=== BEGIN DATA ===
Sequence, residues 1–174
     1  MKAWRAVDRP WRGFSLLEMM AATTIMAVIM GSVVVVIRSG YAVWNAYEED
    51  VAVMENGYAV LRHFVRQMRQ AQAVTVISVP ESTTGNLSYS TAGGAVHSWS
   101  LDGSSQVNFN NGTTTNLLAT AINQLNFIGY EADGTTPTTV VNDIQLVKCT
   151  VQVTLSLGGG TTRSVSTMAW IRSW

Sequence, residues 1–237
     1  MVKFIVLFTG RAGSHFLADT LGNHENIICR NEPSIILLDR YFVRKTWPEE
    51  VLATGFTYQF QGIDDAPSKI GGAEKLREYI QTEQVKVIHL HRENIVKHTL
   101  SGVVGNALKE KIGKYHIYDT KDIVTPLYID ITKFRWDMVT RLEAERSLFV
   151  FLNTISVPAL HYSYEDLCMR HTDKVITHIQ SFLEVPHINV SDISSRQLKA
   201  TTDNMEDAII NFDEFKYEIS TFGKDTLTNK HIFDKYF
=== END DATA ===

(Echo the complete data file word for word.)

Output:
Sequence, residues 1–174
     1  MKAWRAVDRP WRGFSLLEMM AATTIMAVIM GSVVVVIRSG YAVWNAYEED
    51  VAVMENGYAV LRHFVRQMRQ AQAVTVISVP ESTTGNLSYS TAGGAVHSWS
   101  LDGSSQVNFN NGTTTNLLAT AINQLNFIGY EADGTTPTTV VNDIQLVKCT
   151  VQVTLSLGGG TTRSVSTMAW IRSW

Sequence, residues 1–237
     1  MVKFIVLFTG RAGSHFLADT LGNHENIICR NEPSIILLDR YFVRKTWPEE
    51  VLATGFTYQF QGIDDAPSKI GGAEKLREYI QTEQVKVIHL HRENIVKHTL
   101  SGVVGNALKE KIGKYHIYDT KDIVTPLYID ITKFRWDMVT RLEAERSLFV
   151  FLNTISVPAL HYSYEDLCMR HTDKVITHIQ SFLEVPHINV SDISSRQLKA
   201  TTDNMEDAII NFDEFKYEIS TFGKDTLTNK HIFDKYF